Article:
Parliament Resumes in Ottawa

On September 23, Governor General Julie Payette delivered the Speech from the Throne, which was written by the government to set out its priorities for the upcoming session. In the speech, the government laid out four priority areas: fighting the pandemic, helping Canadians through the pandemic, building a better, more resilient Canada, and standing up for Canadians and their values.

Most important to AED members was the announcement that the government would be launching a campaign to create more than a million jobs. They plan to accomplish this through investments in infrastructure and training. The investments in infrastructure include public transit, clean energy, rural broadband and affordable housing. The training investments include supporting Canadians as they build new skills in growing sectors, helping workers receive education and accreditation, and connecting workers with employers and available jobs.

The speech also announced the extension of the Canada Emergency Wage Subsidy (CEWS) into next summer. This was a welcome announcement for many business groups currently witnessing the rise of the second wave of COVID-19, which could bring about economic lockdowns like those seen earlier in the pandemic.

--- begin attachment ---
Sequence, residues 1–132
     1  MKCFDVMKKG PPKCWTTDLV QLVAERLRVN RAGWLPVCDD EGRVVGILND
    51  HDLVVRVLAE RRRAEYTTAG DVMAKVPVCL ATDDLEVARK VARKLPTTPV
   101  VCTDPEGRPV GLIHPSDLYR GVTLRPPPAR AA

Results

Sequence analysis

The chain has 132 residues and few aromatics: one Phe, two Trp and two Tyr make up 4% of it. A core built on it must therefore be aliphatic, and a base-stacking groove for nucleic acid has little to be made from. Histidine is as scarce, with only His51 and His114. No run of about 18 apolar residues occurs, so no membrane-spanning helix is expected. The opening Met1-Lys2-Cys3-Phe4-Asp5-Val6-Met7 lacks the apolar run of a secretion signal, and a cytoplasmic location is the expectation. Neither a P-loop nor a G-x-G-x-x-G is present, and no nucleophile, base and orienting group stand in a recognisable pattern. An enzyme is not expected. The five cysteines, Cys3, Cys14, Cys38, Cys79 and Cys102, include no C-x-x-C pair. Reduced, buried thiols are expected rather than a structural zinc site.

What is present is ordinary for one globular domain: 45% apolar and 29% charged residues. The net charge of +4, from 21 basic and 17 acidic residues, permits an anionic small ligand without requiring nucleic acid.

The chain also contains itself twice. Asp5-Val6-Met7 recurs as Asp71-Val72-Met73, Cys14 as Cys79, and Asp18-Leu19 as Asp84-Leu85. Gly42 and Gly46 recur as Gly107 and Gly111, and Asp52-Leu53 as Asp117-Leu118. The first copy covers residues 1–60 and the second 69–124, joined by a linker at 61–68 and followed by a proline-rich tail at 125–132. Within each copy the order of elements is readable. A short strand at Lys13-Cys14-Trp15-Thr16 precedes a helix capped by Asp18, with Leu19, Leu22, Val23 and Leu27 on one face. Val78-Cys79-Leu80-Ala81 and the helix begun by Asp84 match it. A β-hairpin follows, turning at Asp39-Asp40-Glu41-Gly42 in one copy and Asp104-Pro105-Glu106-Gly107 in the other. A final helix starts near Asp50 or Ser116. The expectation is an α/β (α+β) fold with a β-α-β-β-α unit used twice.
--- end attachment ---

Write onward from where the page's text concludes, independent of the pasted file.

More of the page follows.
The speech in its entirety consisted of more than 7,000 words and laid out dozens of different priorities, including things like universal pharmacare and a national childcare program. Since the government is currently in a minority setting and needs to rely on at least one other political party to pass legislation, it is unlikely that they will fulfill many of these priorities. Furthermore, while they can likely get the speech passed through the House of Commons easily if they table a financial piece of legislation such as a budget sometime in the fall, they will likely need to cooperate more with opposition parties.

Erin O’Toole from the Conservatives, Yves-François Blanchet from the Bloc Québécois and Jagmeet Singh from the New Democratic Party (NDP) are continuing to push the government in the direction of their choosing. While the Liberals have found a willing partner in the NDP, this legislative relationship will likely last only as long as it is convenient for both parties. The upcoming months will show which of the speech’s priorities the Liberals will be able to focus on. 

Since minority governments, on average, last two years, a federal election might be on the horizon. 

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